I found this last corner particularly tough, but I'd have had a lot less trouble with it if I'd been able to recall the missing word in either of the two quotations, one direct ("“___ is a great matter, I was a coward on ___” (Henry IV Pt 1) (8)" [INSTINCT]) and one indirect ("Keats saw many goodly ones on his travels (6)" [STATES]). I knew the latter came from the second line of On First Looking Into Chapman's Homer - "And many goodly Ys and Xs seen;" - but I couldn't for the life of me think what Y (or X) was. The only word that came to mind was SIGHTS, but that seemed extremely unlikely since not only would it leave I as the final letter of 23ac but I was pretty sure Keats would never have written "... sights ... seen". What was particularly galling was that this is a favourite poem, and one that I used to know by heart. At least I think I used to know it by heart; however, when I tried to recall the rest of it after I'd finished, I found I could only really remember lines 1, 4, and 9 to 14 (apart from imagining that stout Cortez "gazed" at the Pacific, and that his men "stared" at each other with a wild surmise). Sadly the other lines, although familiar enough once I looked them up, had vanished into oblivion. As for the direct quotation, it was clearly said by Falstaff, but although I must have heard it spoken a number of times in performances of the play, it rang no bells and I needed the 2nd and 4th letters before I was able to make an educated guess.
The direct quotation would not be allowed in a modern Times crossword, and there were a number of other clues that probably departed a little too far from today's standards; however, I tend to take a fairly relaxed view of crossword clueing, and there are only a couple of clues I might, if I was in a grumpy mood, take exception to. The first is "What the gate-crasher can’t do (4-4)" [SHOW-CARD], since (unless I'm missing something) it doesn't have a definition. The other is "Used the first person singular (8)" [EGOTISED] since there's no way of telling whether the 6th letter is S or Z. But this can still happen in modern Times crosswords, as I wrote about here; and in any case it only worries me (as a competitive solver) when the marking system doesn't allow for alternatives. I'd commented on TftT that I didn't really understand "Requirement for nursery tea essential in adults (5,5)" [CLEAN HANDS], as I couldn't see how the answer related to "adults"; however, on reflection, the clue is simply contrasting the figurative meaning (as in the legal maxim "he who seeks equity must come with clean hands") with the literal meaning for children at mealtimes. There were some answers whose meanings I hadn't come across before, but that's fine by me.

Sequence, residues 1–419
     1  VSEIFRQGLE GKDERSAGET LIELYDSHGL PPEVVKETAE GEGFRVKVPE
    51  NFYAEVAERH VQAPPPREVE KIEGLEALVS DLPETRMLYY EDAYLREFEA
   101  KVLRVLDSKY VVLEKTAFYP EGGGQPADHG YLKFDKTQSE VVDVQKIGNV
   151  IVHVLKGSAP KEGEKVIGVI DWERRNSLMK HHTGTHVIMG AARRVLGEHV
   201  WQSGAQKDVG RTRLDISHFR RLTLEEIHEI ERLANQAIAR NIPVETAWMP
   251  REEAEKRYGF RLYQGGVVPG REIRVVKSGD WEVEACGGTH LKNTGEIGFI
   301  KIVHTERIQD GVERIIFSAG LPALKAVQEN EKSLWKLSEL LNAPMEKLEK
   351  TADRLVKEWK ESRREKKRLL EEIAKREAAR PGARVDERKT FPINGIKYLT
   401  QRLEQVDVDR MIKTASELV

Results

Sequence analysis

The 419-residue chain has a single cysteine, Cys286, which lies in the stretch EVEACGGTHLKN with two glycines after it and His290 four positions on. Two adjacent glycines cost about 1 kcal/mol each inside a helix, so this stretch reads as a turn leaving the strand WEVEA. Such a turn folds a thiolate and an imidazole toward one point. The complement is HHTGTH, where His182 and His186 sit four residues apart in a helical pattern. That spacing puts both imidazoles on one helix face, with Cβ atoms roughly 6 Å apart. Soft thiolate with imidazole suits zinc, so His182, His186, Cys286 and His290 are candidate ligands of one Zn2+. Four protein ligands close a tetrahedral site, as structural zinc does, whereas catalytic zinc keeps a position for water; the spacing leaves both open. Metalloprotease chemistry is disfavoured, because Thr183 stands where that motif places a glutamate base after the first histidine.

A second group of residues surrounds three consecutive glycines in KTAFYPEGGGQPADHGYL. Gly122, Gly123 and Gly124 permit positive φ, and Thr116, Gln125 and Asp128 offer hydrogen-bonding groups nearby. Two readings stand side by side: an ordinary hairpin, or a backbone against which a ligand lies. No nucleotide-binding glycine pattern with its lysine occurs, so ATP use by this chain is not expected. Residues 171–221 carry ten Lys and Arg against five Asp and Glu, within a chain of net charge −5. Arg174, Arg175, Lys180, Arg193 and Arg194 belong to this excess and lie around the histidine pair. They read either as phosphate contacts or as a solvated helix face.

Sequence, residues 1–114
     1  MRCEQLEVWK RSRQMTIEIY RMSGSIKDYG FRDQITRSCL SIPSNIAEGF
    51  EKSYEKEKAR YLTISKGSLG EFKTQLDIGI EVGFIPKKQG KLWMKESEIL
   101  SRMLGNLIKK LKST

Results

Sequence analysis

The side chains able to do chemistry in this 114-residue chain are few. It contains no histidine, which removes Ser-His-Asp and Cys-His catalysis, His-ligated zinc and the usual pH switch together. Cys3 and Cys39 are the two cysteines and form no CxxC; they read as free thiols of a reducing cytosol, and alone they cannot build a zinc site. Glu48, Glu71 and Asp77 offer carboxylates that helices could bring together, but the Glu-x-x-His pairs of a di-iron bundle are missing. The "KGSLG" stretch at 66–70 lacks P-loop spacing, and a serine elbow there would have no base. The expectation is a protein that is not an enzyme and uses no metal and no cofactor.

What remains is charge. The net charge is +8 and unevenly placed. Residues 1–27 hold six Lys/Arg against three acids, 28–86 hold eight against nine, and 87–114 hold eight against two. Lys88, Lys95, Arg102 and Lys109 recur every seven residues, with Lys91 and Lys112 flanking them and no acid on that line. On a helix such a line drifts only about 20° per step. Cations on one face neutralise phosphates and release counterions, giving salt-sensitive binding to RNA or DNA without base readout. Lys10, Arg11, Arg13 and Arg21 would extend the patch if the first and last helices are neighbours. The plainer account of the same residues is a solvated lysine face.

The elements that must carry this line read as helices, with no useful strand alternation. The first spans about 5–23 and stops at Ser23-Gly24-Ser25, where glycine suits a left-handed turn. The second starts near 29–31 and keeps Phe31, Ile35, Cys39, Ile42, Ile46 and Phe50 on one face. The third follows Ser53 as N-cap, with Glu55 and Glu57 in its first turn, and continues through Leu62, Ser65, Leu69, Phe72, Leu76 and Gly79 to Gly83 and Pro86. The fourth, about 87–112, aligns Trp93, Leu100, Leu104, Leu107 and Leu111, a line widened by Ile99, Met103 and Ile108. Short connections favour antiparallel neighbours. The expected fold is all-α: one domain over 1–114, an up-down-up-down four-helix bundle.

So, with perhaps one or two minor quibbles, I liked it. I've said before that when my membership of the Times Crossword Club finally expires, one of my options will be to go back and tackle some Times crosswords from the past, and this puzzle did nothing to change that. In fact, if anything it confirmed it: I enjoy a challenge, and I'm pretty sure I could solve puzzles like this one more quickly once I'd become more used to the setters' wavelengths. Anyway I'm looking forward to 14 May and 11 June (if I'm still a TCC member then) when further puzzles from the past should appear.
I wonder why this particular crossword (described as "an intriguing puzzle from Times past") was chosen. Was it completely random, or random within a given date-range, or a deliberate choice?
Current Location: Ealing
Current Mood: intrigued